Net neutrality, drug policy, immigration, Obamacare, international relations, tax reform and environmental regulation rollbacks.

These are just some of the policy items that have been under legislative consideration this past year. And – no surprises here – each have the potential to tremendously impact industry. Government oversight and regulation plays a major role in shaping how large enterprise companies operate and strategize. In fact, McKinsey estimates that the business at stake from government and regulatory intervention is around 30 percent of earnings for most companies.

There’s more than just the financial impact to consider. Legislation can have an impact on tangential issues like hiring practices, how products can be marketed, emissions levels allowed in the supply chain, and even the level of testing required on products before they go to market.

Given the importance of regulation, you might assume enterprises would place a premium on government relations — yet only 30 percent of executives believe their external affairs groups have the organizational setup and talent necessary to succeed. Just 20 percent see frequent success at influencing government policy and regulatory decisions. In part, the issue stems from the many different conversations occurring at the same time. It’s just impossible for government relations teams to follow every discussion. But social and media intelligence can distill all these conversations and only surface the ones relevant to your brand.

Here are three ways that analyzing the social media activity of politicians puts government relations professionals in a position of power:

Proactively Surface Key Issues Relevant to Your Brand

Policy gets proposed in two ways: proactively and reactively. In a proactive world, politicians initiate the conversation through their own channels to frame an issue in a way that’s favorable to their point of view. In a reactive world, politicians craft policy as a response to things like world events, geopolitical shifts and market movements. In either case, tracking what congressmen and senators say on their owned channels gives insight into what is coming in the way of policy.

This early warning system also gives teams more time to research the impact proposed legislation could have on their enterprise and the industry as a whole. This precious extra time gives the research team a better opportunity to prove that a bill could have an adverse economic effect on their district, thus paving the way for them to alter their vote.

Target the Right Influencers

The research that illustrates the effects of proposed legislation is useless if the right politicians don’t see the information. Media intelligence can identify which politicians care about a piece of legislation and the way they are going to vote. This saves time by identifying which politicians will vote favorably for legislation, creating an opportunity to focus on the ones who planned on voting the other way.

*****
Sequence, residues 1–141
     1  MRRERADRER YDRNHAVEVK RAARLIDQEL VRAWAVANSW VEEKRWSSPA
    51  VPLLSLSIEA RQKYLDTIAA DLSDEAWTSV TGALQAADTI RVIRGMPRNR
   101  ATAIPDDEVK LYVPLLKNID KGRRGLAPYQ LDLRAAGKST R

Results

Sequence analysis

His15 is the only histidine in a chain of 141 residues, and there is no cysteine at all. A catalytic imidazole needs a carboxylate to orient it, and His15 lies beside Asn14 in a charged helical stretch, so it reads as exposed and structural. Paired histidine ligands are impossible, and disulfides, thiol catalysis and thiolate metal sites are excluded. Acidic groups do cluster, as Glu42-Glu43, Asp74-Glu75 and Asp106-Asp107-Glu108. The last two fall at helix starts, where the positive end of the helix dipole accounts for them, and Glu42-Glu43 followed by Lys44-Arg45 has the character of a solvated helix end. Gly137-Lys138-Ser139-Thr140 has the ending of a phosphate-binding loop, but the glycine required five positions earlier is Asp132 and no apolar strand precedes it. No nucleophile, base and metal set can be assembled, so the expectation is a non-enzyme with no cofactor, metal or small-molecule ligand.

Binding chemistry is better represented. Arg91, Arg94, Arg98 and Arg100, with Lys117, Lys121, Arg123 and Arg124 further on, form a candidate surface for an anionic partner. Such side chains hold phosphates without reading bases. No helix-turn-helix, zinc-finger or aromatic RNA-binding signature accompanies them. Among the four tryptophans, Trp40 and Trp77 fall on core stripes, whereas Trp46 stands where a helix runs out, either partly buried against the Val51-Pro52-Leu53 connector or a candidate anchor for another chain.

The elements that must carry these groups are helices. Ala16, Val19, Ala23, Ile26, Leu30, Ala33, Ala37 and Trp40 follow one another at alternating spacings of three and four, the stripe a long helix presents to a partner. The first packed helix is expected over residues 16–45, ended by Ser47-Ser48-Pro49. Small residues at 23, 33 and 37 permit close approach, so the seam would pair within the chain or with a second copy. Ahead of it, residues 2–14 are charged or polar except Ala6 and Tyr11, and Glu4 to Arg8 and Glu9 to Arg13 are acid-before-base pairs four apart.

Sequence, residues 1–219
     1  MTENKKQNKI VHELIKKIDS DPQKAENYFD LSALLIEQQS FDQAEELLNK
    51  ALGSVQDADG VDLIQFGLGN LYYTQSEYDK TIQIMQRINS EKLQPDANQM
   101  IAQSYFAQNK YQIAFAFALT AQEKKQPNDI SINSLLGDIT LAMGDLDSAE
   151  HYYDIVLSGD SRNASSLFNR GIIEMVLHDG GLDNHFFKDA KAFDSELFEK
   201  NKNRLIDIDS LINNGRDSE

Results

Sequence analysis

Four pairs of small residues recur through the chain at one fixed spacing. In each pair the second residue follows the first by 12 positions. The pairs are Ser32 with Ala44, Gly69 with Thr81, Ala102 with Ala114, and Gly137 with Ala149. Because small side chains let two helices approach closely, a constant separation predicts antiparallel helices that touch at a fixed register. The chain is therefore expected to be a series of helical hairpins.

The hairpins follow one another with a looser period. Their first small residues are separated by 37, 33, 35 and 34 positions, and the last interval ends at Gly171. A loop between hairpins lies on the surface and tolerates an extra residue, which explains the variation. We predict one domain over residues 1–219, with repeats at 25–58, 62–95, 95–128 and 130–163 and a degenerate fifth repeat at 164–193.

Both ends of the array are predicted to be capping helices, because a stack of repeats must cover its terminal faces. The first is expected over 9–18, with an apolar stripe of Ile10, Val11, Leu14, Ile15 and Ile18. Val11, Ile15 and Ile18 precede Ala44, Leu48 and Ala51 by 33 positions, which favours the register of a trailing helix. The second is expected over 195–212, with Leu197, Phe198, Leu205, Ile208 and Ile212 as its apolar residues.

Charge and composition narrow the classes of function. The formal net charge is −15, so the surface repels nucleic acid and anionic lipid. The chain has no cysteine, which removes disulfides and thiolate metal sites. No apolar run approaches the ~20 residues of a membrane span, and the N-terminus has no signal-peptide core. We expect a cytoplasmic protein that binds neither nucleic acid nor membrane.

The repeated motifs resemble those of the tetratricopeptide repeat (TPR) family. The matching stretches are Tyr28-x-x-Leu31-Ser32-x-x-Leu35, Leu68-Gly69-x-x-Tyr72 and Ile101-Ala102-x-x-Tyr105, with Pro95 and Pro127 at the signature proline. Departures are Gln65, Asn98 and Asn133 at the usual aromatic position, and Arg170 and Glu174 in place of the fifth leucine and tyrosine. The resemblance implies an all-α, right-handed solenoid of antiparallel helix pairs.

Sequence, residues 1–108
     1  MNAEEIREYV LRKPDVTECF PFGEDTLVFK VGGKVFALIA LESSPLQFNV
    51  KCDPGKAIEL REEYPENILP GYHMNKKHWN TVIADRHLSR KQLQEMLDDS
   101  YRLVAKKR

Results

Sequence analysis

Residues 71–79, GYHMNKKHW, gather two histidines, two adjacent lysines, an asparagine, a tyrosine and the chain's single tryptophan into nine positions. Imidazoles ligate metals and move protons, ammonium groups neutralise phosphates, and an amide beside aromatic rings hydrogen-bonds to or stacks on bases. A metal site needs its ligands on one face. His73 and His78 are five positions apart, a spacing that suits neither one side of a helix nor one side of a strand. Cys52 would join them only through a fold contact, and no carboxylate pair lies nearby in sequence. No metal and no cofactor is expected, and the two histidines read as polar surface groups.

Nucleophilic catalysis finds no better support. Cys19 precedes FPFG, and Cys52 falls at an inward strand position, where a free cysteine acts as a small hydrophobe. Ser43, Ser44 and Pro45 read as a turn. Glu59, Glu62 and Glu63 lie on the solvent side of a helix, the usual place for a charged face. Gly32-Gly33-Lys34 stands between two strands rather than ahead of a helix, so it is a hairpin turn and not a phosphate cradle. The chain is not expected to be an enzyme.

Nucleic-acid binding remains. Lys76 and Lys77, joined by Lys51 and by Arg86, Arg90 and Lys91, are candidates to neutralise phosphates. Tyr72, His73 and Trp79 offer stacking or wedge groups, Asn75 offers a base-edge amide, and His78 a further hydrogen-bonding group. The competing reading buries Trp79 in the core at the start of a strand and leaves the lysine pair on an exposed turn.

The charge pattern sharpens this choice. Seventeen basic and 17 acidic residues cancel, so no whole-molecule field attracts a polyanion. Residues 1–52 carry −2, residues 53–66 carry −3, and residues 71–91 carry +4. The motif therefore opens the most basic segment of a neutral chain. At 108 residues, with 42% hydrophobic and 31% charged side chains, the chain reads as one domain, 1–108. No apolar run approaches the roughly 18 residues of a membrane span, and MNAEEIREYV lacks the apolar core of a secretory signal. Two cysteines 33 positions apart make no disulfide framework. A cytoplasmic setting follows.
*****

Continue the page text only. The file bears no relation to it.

Another way to leverage social data is to identify which politicians closely align with your brand’s values and leverage them to draft legislation beneficial to your business. For example, if a politician has run a campaign on bringing manufacturing jobs to her state, she is going to be more open to the idea of proposing legislation that offers tax breaks for new factories.

Quantify the Impact of Government Relations Initiatives

Previously, quantifying the impact of government relations has been a murky proposition. Teams often work behind the scenes, so the impact of their intervention often goes unnoticed. However, social and media intelligence can show how a campaign preceded policy change. By tracking and segmenting topics by party or body, you can clearly illustrate how a conversation develops over the course of a campaign. You can show how the opinions of key stakeholders shifted over time, see if the overall sentiment was affected, and how the campaign impacted your share of voice.

Sorting online conversations by different governmental departments improves the possibility of influencing the narrative around legislation important to enterprises. Through surfacing key issues and influencers, teams can create targeted campaigns to protect the valuation of their brand.

Interested in learning more about how media and social intelligence can streamline government relations? Download our White Paper: Media & Social Intelligence Brings Agility to Government Relations